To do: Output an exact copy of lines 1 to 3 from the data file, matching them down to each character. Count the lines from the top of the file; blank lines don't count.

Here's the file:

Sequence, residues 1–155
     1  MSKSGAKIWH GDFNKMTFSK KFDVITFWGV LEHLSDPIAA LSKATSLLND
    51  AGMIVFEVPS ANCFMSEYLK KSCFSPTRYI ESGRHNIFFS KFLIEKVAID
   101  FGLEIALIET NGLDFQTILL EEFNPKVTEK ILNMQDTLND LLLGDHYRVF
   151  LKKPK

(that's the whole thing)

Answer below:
Sequence, residues 1–155
     1  MSKSGAKIWH GDFNKMTFSK KFDVITFWGV LEHLSDPIAA LSKATSLLND
    51  AGMIVFEVPS ANCFMSEYLK KSCFSPTRYI ESGRHNIFFS KFLIEKVAID